How to resolve office arguments

Disagreements can turn caustic and lead to friction and clashes. Follow these 10 tips to resolve office arguments, minus the fireworks

workplace argumentMany people struggle with learning to fight fairly. What needs to be said [and how to say it] and what not to say are just a few of the challenges facing those who can’t seem to argue appropriately.

Stating your needs without adding fuel to the fire is a relationship necessity. Here are some tools for resolving disagreements and making your interactions easier and more satisfying.

  1. Avoid verbal attacks, using bad language, and continually criticising someone. These are ways of deconstructing your connection with your team. Caustic words chip away at the foundation of your business relationships by weakening your team mates’ self-esteem and ability to see what really needs healing.What to do: If you need someone to change their ways, use solid examples along with suggestions of how you would like things to be different. Often, people are unaware of how their words can affect others and how simple changes in language can make a difference. Just making the decision to stop swearing will immediately lower the tension in your office; you’ll also be more respected.
  2. Avoid straying from the topic to avoid the conversation from disintegrating into an uncomfortable argument. Bringing up the distant past does not allow closure to the issue at hand and causes pain.What to do: Keep your conversation focused on the current problem and solve it. Once you’ve come to a conclusion, go over what was said. Making sure you are both on the same page will prevent you from having to deal with the same issue repeatedly.
  3. Try to maintain clarity, which can be difficult in case of emotional issues. When our feelings take over, we either get scared or get blinded by anger. Clamming up, sending double messages, or being evasive only frustrates both. Being open, even if you are anxious or hurt, helps resolve issues.What to do: Say what you need to in an appropriate manner to move on.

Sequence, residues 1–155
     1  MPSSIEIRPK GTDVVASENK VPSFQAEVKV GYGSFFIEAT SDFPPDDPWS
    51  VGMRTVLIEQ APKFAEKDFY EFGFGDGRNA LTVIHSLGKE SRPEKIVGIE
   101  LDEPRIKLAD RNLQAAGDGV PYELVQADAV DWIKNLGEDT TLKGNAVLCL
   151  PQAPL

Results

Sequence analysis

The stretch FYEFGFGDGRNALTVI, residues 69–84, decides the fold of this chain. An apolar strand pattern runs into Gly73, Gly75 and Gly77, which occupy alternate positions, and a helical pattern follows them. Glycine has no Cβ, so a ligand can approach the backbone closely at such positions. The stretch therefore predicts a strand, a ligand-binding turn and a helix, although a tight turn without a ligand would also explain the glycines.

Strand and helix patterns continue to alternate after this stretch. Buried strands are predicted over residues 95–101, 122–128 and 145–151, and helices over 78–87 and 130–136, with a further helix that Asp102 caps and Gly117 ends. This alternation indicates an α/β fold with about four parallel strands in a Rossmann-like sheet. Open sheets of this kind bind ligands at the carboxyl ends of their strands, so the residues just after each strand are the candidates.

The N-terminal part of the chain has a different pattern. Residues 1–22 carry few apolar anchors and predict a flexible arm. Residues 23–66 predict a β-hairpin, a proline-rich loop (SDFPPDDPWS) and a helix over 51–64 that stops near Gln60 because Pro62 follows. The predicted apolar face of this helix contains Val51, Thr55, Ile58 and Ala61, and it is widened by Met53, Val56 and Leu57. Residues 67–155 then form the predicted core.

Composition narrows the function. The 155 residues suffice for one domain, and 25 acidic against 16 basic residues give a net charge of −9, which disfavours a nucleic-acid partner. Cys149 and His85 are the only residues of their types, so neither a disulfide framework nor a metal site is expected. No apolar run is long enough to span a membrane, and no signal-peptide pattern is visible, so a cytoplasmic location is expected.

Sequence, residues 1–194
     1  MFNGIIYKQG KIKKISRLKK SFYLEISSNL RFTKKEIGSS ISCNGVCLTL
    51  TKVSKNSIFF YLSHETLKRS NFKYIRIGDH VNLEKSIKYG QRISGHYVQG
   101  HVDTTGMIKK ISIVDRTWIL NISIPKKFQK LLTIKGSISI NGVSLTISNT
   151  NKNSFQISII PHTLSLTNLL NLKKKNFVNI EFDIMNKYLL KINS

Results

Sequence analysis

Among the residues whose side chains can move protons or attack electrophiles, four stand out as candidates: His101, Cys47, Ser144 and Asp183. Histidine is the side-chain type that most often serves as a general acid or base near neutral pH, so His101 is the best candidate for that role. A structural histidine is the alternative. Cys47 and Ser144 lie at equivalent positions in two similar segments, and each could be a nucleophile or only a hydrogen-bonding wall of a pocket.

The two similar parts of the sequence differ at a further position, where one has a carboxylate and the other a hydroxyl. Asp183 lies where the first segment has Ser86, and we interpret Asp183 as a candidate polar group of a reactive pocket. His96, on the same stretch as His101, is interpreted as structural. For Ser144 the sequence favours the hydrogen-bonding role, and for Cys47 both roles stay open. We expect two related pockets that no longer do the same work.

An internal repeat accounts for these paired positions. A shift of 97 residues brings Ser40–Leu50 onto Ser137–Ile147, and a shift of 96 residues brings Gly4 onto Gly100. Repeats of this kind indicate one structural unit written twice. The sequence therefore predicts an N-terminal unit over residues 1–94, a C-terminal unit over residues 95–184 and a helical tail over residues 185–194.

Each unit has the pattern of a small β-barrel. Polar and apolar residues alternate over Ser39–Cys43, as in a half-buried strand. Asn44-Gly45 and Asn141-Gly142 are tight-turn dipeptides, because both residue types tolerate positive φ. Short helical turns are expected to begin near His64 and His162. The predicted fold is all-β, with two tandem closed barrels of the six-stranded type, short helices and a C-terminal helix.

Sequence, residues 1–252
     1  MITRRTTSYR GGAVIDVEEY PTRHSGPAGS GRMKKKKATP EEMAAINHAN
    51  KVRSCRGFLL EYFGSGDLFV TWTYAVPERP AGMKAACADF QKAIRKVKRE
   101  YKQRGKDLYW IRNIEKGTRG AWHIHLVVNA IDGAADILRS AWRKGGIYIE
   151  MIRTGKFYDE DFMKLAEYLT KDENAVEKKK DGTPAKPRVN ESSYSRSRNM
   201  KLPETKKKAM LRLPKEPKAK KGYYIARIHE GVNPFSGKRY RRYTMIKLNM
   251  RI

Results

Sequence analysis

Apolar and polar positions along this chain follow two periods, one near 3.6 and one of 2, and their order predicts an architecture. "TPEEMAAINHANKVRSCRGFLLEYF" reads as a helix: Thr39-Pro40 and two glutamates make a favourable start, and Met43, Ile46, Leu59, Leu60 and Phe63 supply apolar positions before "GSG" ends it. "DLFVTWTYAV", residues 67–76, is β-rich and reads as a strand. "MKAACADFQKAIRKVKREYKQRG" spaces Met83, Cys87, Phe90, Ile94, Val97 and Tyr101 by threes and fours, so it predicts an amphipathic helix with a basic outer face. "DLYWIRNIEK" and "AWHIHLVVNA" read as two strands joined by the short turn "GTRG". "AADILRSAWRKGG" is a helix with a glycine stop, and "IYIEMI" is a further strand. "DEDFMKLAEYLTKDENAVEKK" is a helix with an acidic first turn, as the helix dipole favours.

4. Never terrorise your business associates; so many deals would be saved if one or the other person refused to devalue his or her client [or co-worker] with threats. Making inappropriate remarks are actually a way of saying to your colleagues, “I’m hiding the fear I really feel, but I sense this isn’t going to go the way I want it to.”What to do: It would be much more productive if you could honestly say, “I need some clarity, let’s chat.”
  5. If you feel like yelling, don’t. When discussions digress into yelling matches, taking a time-out [initiated by either person] is a tried-and-tested method of keeping things on track.What to do: You need to agree before hand that you will commit to completing the conversation, no matter how uncomfortable it may have become. Leaving things unfinished is an invitation to further misunderstanding and hurt feelings.
  6. Don’t interrupt people when they are sharing their feelings; it discounts what the other person is saying. By cutting him/her off you are saying, “You’re wrong, I’m right and my ideas are more important than yours.” It also causes emotional pain, as you are not listening to the other person.What to do: Instead of blurting out what you are thinking, remember your thought and share it with the other when s/he finishes what s/he has to say.
  7. Be open to disagreements. Disagreements are a part of communication and life.What to do: Acknowledging that it is okay for a teammate to have and express a differing opinion, rather than stuffing his/her feelings is a sign of a mature and nurturing business relationship. In the long run, differences can make for more interesting conversations and work. Besides, having someone agree with everything you feel can take some of the mystery out of life.
  8. Exercise your right to refuse. If either of you are not in a place to communicate when another person needs to, you have the right to say so.What to do: Politely decline but agree to have the conversation sometime within a reasonable period of time. I don’t think it’s a good idea to let things go unsaid for more than a day or two.
  9. Tell it from your perspective. When something is bothering you, it is important to bring it up as your issue instead of pointing a finger at the other person.What to do: Own your emotions and use “I statements” to describe how you are feeling. This keeps things clear and allows whomever you are speaking with to hear what it is you are saying to him/her.
  10. Suggest corrective action. When you talk about how you feel using “I” statements, also give a corrective action rather than just telling people what you think they are doing wrong.What to do: Instead of saying, “You always leave the dirty work for me” say, “It bugs me when you don’t complete the projects we are working on.” Sharing your feelings in this way minimises defensiveness because you are not blaming. It will help both of you create agreements that will make your working relationship healthier and happier.If having unpleasant exchanges with co-workers or clients is the norm in your office, change the way you communicate or your chances of achieving success will be greatly diminished. Remember that communication is the most important thing in business and that we can all keep getting better at it.
Barton Goldsmith
Dr Barton Goldsmith, PhD, an award-winning and highly sought-after keynote speaker, business consultant and internationally syndicated author, has helped develop creative and balanced leadership in several Fortune 500 companies, educational institutions, and government organisations worldwide. He lives in California, USA.


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